[Problem Set 3 Spike trains] Problem 2: Analysis of spike trains

Link of the iPython notebook for the code

AT2 – Neuromodeling: Problem set #3 SPIKE TRAINS

PROBLEM 2: Analysis of spike train

One records and analyses several spike trains from a single neuron in the primary somatosensory cortex of a monkey experiencing a vibratory stimulus on the fingertip, for different vibration frequencies $f_1 ∈ \lbrace 8.4, 12, 15.7, 19.6, 23.6, 25.9, 27.7, 35\rbrace \text{ Hz}$. The simulation is conducted between $200$ and $700$ msec.

Figure
Figure a. - Rastergram of the spike trains for the first $8.4$ Hz vibration frequency
Figure
Figure b. - Rastergram of the spike trains for various vibration frequencies

As shown in Figure a. and Figure b., the spikes within the simulation period (between $200$ and $700$ msec):

  • seem to be periodically spaced for a given frequency $f_1$
  • are more and more numerous as the frequency increases

and even more: the number of spikes seem to depend linearly on the vibration frequency.

The latter observation is backed up by the shape of the average spike count, plotted as a function of the vibration frequency:

Figure
Figure c.1. - Average spike count as a function of the vibration frequency with standard deviation errorbars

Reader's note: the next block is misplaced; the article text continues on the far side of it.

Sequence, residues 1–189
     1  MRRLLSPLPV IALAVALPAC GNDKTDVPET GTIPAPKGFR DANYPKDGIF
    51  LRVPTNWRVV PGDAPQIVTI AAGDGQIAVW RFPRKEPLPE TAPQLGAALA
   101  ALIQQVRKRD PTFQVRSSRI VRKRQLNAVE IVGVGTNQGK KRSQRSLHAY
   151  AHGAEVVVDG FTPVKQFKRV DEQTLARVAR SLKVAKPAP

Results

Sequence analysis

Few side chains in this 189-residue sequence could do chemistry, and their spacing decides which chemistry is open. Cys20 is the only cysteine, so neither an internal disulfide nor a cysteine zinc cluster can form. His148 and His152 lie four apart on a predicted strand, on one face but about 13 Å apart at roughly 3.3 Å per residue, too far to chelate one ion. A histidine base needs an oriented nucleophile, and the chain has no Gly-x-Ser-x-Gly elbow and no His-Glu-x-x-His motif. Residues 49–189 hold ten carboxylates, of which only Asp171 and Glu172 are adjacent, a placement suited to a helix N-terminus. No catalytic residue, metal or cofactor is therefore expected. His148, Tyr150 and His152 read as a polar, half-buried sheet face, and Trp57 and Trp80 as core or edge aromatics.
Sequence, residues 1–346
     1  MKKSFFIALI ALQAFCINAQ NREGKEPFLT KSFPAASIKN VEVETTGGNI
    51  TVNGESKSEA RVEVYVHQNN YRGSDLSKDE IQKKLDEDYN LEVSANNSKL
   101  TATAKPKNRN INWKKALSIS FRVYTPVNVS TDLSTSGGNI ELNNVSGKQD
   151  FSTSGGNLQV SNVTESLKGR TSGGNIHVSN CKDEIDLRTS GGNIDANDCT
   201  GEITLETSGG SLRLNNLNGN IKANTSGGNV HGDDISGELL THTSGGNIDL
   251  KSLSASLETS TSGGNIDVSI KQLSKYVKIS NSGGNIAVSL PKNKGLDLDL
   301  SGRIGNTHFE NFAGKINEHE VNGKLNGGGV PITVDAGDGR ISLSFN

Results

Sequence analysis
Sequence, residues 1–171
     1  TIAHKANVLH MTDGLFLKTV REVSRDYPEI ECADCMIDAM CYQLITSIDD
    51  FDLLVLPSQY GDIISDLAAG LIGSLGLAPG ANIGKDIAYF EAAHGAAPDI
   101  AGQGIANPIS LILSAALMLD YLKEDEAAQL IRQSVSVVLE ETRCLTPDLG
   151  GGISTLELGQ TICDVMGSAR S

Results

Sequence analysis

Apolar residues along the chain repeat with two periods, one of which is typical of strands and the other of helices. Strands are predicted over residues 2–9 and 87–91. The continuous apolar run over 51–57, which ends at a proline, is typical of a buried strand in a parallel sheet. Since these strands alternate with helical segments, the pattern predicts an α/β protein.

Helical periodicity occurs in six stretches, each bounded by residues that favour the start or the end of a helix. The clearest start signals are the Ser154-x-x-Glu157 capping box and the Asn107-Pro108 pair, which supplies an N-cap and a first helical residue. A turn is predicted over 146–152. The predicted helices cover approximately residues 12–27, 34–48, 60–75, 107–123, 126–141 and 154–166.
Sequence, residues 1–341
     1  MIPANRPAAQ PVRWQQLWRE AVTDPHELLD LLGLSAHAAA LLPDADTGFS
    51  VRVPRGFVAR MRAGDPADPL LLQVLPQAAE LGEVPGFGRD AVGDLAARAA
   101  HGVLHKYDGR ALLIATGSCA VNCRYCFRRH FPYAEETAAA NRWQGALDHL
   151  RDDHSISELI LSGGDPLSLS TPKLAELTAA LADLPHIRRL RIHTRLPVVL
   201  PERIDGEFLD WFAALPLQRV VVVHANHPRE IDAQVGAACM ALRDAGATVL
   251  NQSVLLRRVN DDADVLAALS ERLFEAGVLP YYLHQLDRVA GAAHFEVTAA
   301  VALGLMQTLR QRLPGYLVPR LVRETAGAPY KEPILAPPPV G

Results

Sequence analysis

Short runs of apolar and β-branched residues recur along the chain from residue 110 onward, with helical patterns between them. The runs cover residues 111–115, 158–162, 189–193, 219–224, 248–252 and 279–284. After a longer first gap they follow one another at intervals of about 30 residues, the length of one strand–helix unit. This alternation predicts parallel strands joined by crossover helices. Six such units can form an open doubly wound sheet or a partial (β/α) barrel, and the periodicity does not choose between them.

A linear regression of the average spike counts (as a function of the vibration frequency) can me made:

  • Linear equation: y = 1.39 x + 3.08
  • Correlation coefficient: $0.997$
  • Standard error of the estimate: $0.04$

The very high correlation coefficient and very low standard error of the estimate highlight an almost perfect match!

We have similar results for the average firing rate as a function of the vibration frequency:

Figure
Figure c.2. - Average firing rate as a function of the vibration frequency with standard error of the mean $SEM = σ/ \sqrt{N}$ errorbars

The linear regression yields:

  • Linear equation: y = 2.78 x + 6.15
  • Correlation coefficient: $0.997$
  • Standard error of the estimate: $0.08$

As a result: the firing rate of the neuron can be regarded as a non-decreasing linear function of the vibration frequency.

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